Career Services is another important on-campus resource for getting you on your way to locating professional employment. In addition to job listings, you'll get assistance with preparing a resume and advice on conducting a job search.

Some human service organizations post position vacancies on their own Web sites. Try these local and regional employers:

Employment information for people with disabilities is available from the Social Security Administration.

The Michigan Career Builder is a web site operated by the Detroit News. It often carries job information on positions throughout the state. Browse this site to get an idea of the diversity of social work jobs and typical salary levels.

Illinois Chapter of NASW site provides information and links to employment sources in Illinois.

Michigan Chapter of NASW has a limited listing of job openings in our state. The Web-site is relatively new and should provide more listings in the future.

Michigan Community Health This web site does not have employment listings, but it does provide information about community mental health and substance abuse services in Michigan. You can also get a list of community mental health agencies in Michigan and contact them directly regarding possible openings.

Michigan Civil Service Department is the source for state civil service career information.

Minnesota Department of Human Services. This site provides access to social work related positions throughout Minnesota as well as other employment opportunities under the state merit system. The Hennepin County site is a good web site for the Twin Cities area, including Minneapolis, St. Paul, and surrounding communities.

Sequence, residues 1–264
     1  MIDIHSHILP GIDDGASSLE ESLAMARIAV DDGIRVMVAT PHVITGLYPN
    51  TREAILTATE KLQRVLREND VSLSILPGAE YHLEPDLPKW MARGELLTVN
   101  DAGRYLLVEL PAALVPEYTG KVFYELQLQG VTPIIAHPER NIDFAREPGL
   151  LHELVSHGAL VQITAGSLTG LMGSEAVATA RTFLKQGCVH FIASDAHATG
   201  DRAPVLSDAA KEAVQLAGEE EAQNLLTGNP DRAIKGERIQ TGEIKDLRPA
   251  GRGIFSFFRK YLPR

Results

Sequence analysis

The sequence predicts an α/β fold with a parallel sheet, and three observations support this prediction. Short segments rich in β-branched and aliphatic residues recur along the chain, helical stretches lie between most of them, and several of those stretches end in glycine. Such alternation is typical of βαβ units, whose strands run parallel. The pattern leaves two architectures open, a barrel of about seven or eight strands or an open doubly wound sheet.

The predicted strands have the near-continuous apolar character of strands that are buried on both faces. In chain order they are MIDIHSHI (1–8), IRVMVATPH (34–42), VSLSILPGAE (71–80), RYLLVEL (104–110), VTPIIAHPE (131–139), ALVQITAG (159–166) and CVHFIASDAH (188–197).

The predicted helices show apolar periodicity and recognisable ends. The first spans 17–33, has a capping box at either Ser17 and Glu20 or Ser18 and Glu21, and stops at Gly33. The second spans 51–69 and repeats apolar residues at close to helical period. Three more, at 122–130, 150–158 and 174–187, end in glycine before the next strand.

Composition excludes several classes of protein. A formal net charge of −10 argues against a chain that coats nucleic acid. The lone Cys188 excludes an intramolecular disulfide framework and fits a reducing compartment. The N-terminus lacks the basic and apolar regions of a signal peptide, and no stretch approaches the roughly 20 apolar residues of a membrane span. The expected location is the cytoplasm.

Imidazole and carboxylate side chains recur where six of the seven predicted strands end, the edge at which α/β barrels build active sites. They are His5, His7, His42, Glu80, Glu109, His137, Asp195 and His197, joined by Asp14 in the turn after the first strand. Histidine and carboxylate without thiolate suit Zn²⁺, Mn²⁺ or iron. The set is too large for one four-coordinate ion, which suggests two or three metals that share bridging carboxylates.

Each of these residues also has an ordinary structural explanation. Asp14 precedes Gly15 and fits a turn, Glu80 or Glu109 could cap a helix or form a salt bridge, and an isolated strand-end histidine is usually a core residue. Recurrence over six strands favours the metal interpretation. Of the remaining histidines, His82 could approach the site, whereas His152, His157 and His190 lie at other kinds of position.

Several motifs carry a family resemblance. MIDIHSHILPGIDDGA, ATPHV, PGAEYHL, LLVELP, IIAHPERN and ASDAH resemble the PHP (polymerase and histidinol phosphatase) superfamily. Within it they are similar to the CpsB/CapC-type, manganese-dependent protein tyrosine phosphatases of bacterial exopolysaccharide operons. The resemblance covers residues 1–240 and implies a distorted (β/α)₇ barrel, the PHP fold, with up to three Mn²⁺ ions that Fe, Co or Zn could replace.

National Association of Social Workers (NASW) publishes a monthly newsletter for members. NASW also maintains NASW Job Links, an on-line service for social work positions. Many of these positions require an MSW degree, but it's worth checking out this site, especially for exploring future career possibilities.

The New Social Worker On-Line Career Center The New Social Worker is a social work student organization. Their site includes a wide variety of links to social work employment Internet sites.

Social Service .com advertises itself as the place to begin your career search. It does provide information on a broad range of human service related employment.

State of Wisconsin Department of Employment Relations Opportunities for Wisconsin civil service jobs can be found at this site.

If you started your college career at another institution and plan to transfer to Northern Michigan University, we have information to ease your transition.

The NMU Registrar provides information on course equivalencies between NMU and many other colleges. Requirements change and you may need to consult with the NMU Registrar and social work program director for the latest information. In some cases, there may be no direct equivalency between courses at your current school and NMU, but course substitutions may be allowed. Students should check such arrangements carefully before enrolling in nonequivalent courses.

The following NMU courses that are required by the BSW Program have been frequently offered as Web-based offerings. Although availability varies from term to term, students who are planning on relocating to NMU for the BSW Program may be able to get a jump-start by completing one or more of these Web courses to meet program requirements.

The Social Work Advisement Package includes specifics to help potential transfer students select courses to make efficient use of resources at their current school.

See Transfer Admissions for more information about university requirements and becoming a part of the BSW Program at NMU.